"It's critical that Americans experiencing dangerous air pollution, especially those with health conditions, listen to local authorities to protect themselves and their families," President Joe Biden said on Twitter.

US private forecasting service AccuWeather said thick haze and soot extending from high elevations to ground level marked the worst outbreak of wildfire smoke to blanket the north-eastern US in more than 20 years.

New York's famous skyline, usually visible for miles, appeared to vanish in an otherworldly veil of smoke, which some residents said made them feel unwell.

New York Governor Kathy Hochul called the situation an "emergency crisis", saying the air pollution index for parts of her state were eight times above normal.

In some areas, the air quality index (AQI), which measures major pollutants including particulate matter produced by fires, was well above 400, according to Airnow, which sets 100 as "unhealthy" and 300 as "hazardous".

Reduced visibility from the haze forced the Federal Aviation Administration to slow air traffic into the New York City area and Philadelphia from elsewhere on the East Coast and upper Midwest, with flight delays averaging about a half hour.

The Statue of Liberty is covered in haze and smoke caused by wildfires in Canada, in New York, US, June 6, 2023. Picture: Amr Alfiky REUTERS

"We encourage everyone in the impacted areas to listen to their state and local conditions," White House spokeswoman Karine Jean-Pierre told reporters.

"Check in on your neighbours, check in on your friends and your family. Take precautions especially if you have health conditions."

She called the situation an "alarming example of the ways in which the climate crisis is disturbing our lives."


An unusually early and intense start to wildfire season has set Canada on track for its worst-ever year of fire destruction as warm and dry conditions are expected to persist for months.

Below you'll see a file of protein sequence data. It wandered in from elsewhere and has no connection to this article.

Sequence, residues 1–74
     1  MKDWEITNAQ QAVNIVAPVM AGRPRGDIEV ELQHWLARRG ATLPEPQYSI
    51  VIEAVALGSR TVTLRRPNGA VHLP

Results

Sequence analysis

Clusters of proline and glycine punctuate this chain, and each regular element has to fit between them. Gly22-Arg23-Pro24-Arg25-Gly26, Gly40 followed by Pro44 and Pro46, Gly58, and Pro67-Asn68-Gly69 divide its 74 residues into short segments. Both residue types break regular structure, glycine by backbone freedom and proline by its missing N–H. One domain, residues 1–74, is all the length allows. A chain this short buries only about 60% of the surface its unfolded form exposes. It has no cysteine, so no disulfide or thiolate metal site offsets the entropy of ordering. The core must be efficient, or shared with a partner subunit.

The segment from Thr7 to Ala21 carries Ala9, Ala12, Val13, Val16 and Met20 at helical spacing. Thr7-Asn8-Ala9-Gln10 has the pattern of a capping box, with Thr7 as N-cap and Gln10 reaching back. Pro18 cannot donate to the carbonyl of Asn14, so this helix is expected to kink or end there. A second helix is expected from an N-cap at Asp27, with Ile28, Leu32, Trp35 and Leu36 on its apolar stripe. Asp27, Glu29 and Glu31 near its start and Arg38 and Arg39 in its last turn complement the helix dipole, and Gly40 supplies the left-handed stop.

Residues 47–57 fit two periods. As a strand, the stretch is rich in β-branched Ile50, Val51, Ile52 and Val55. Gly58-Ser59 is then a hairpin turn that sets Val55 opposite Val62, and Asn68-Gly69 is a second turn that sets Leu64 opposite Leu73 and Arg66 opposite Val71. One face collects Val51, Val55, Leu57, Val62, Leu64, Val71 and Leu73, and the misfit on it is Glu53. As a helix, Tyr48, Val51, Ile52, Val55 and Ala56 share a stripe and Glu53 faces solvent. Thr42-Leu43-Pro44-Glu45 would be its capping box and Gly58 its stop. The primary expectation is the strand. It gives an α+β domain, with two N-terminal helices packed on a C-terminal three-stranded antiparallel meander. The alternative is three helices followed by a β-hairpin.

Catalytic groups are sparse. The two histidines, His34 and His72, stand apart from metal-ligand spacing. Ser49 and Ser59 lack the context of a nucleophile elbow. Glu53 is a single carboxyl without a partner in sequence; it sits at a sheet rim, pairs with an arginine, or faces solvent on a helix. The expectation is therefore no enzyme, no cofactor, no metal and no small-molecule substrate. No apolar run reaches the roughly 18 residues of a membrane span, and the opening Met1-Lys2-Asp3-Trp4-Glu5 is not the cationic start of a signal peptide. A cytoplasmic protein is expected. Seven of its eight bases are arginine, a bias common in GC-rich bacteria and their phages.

This graphic shows the fire weather severity forecast for June and area burned in Canada by year since 2016. Illustration: Graphic News

"In coming years we will have to reflect seriously on how we can equip ourselves to deal with this new reality. We will be facing more and more extreme weather events that will cost us a lot more," Prime Minister Justin Trudeau told the briefing.

About 520 firefighters were battling the blazes with another 150 due to join soon from the army, Legault said.

He said he hoped 500 more firefighters would arrive in the next few days from the neighbouring province of New Brunswick as well as France, the US, Portugal, Spain, and Mexico.

Residents of the towns of Chibougamau and Ouje-Bougoumou in northern Quebec received evacuation orders on Tuesday night, becoming the latest group of people in the province to evacuate their homes after thousands were forced out last week.

About 11 400 people have been evacuated so far from remote parts of northern Quebec and another 4 000 will be evacuated soon, Legault said.